Ultra-short-duration bond exchange traded funds have garnered attention as an alternative to money market funds with the SEC set to implement structure changes in coming months. However, the SEC could scale down rules to exempt some investors.
The Securities and Exchange Commission is expected to broaden exemptions for mom-and-pop retail investors from requirements that certain money funds float their value, reports Andrew Ackerman for the Wall Street Journal. [Money Market Reform Debate and Short-Duration Bond ETFs]
Proponents have argued that floating money fund share prices so that they may fluctuate beyond the signature $1 share price would allow investors to be accustomed to shifting prices and reduce panic in case the shares do dip below $1.
Money market funds hold short-term debt instruments and are designed as safe investments. However, the assets came under heavy selling pressure following the collapse of Lehman Brothers. Consequently, the SEC is under pressure to enact broad structural rules to discourage investors from quickly dumping shares during times of stress.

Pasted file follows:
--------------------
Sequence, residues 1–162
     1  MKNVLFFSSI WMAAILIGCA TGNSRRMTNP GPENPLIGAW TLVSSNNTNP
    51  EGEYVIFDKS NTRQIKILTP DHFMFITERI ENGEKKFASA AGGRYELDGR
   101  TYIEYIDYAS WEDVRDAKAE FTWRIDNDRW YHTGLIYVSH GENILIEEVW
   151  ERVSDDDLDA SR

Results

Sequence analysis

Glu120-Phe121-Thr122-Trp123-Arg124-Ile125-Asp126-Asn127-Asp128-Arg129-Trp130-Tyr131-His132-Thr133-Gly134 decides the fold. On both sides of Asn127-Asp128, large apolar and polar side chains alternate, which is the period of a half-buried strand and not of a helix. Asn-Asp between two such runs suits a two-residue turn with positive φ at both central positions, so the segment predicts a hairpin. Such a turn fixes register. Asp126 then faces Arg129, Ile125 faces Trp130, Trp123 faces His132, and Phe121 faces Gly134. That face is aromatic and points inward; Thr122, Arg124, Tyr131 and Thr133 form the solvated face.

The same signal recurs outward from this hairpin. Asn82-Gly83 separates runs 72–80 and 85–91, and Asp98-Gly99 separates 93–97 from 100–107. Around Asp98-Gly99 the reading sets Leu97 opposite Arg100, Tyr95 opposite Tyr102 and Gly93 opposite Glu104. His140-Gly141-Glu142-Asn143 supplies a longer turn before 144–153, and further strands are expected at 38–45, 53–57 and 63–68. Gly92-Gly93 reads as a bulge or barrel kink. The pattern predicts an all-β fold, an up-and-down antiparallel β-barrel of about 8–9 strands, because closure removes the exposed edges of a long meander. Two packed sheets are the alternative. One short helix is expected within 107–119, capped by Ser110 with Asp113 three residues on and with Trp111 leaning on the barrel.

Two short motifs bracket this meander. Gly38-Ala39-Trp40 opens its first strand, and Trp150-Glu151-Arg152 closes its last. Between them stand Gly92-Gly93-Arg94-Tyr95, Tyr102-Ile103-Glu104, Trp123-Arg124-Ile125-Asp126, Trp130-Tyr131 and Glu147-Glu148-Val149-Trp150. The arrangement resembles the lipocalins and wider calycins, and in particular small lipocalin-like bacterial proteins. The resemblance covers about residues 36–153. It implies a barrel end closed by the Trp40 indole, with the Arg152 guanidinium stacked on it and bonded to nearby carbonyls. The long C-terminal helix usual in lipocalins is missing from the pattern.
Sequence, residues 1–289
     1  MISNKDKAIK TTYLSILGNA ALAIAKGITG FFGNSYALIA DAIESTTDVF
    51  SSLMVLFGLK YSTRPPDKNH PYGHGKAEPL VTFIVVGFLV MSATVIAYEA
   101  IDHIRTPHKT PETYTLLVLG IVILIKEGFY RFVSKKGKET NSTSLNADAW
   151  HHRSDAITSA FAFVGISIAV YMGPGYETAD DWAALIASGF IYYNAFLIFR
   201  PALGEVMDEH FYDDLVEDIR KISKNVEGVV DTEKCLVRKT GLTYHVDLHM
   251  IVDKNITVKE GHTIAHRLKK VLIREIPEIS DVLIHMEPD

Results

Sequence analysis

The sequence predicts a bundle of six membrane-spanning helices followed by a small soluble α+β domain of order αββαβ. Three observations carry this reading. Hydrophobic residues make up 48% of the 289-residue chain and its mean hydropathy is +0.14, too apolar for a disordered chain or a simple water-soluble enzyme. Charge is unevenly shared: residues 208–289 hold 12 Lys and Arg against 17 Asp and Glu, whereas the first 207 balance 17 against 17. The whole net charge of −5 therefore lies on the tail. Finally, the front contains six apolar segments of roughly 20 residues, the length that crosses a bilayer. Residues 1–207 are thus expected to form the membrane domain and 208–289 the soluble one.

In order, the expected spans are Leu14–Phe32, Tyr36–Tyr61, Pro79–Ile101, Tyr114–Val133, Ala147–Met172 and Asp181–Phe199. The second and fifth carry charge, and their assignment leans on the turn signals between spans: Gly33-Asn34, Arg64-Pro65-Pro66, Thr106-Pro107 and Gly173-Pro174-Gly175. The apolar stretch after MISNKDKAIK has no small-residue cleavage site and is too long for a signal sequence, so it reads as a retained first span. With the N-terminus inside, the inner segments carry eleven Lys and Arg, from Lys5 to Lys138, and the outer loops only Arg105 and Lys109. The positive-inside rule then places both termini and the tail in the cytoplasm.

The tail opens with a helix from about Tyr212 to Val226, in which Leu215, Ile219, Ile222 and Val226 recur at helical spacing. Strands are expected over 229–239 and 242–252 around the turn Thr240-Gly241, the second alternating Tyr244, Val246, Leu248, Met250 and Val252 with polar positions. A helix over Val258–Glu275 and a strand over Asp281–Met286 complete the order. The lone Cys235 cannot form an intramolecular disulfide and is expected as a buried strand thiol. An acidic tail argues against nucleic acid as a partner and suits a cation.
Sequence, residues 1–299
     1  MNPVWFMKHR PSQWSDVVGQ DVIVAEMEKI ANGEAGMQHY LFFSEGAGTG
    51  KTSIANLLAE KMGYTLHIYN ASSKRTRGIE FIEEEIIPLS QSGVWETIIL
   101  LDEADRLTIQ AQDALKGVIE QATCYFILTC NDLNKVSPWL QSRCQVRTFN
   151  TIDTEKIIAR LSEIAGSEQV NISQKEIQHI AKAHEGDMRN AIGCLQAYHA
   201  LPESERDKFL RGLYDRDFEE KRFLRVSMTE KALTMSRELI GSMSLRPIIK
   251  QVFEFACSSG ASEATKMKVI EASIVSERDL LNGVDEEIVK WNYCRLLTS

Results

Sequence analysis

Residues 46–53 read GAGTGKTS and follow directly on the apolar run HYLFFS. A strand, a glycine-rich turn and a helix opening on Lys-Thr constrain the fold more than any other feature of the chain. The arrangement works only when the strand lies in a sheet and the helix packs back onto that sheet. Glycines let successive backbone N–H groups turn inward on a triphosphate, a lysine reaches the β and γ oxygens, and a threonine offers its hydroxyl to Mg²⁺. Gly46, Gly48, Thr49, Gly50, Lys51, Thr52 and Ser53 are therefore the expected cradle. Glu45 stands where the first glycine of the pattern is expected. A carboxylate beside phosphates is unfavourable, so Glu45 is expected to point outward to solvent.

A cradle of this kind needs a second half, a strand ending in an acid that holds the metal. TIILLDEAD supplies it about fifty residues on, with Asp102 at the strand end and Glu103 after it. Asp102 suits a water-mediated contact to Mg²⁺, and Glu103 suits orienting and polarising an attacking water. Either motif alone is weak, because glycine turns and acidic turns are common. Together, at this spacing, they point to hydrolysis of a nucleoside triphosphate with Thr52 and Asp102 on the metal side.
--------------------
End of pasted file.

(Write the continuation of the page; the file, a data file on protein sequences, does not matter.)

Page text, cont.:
While mom-and-pop investors may be exempt from floating money funds, the SEC can still draw up provisions requiring investors to pay a withdrawal fee during times of stress or even face a hold on money. On Monday, the agency released a series of memos that showed empirical evidence for imposing redemption fees during volatile markets, which suggests the SEC is considering a combination of both floating share prices with curtailing redemptions during certain times.
Any changes in the money markets could support the growing fixed-income ETF market, notably ultra-short-duration bond funds as a cash alternative. For instance, the PIMCO Enhanced Short Maturity ETF (MINT) has a 0.57% 30-day SEC yield and a 0.69 year effective duration. The Guggenheim Enhanced Short Duration Bond (GSY) has an average 0.33 year duration and a 0.98% 30-day SEC yield. The iShares Short Treasury Bond ETF (SH.V) has an effective duration 0.36 year and a 0.07% 30-day SEC yield. The SPDR Barclays 1-3 Month T-Bill (BIL) has an effective duration 0.09 year and a -0.08% 30-day SEC yield.
For more information on bonds, visit our bond ETFs category.
Max Chen contributed to this article.
The opinions and forecasts expressed herein are solely those of Tom Lydon, and may not actually come to pass. Mr. Lydon serves as an independent trustee of certain mutual funds and ETFs that are managed by Guggenheim Investments; however, any opinions or forecasts expressed herein are solely those of Mr. Lydon and not those of Guggenheim Funds, Guggenheim Investments, Guggenheim Specialized Products, LLC or any of their affiliates. Information on this site should not be used or construed as an offer to sell, a solicitation of an offer to buy, or a recommendation for any product.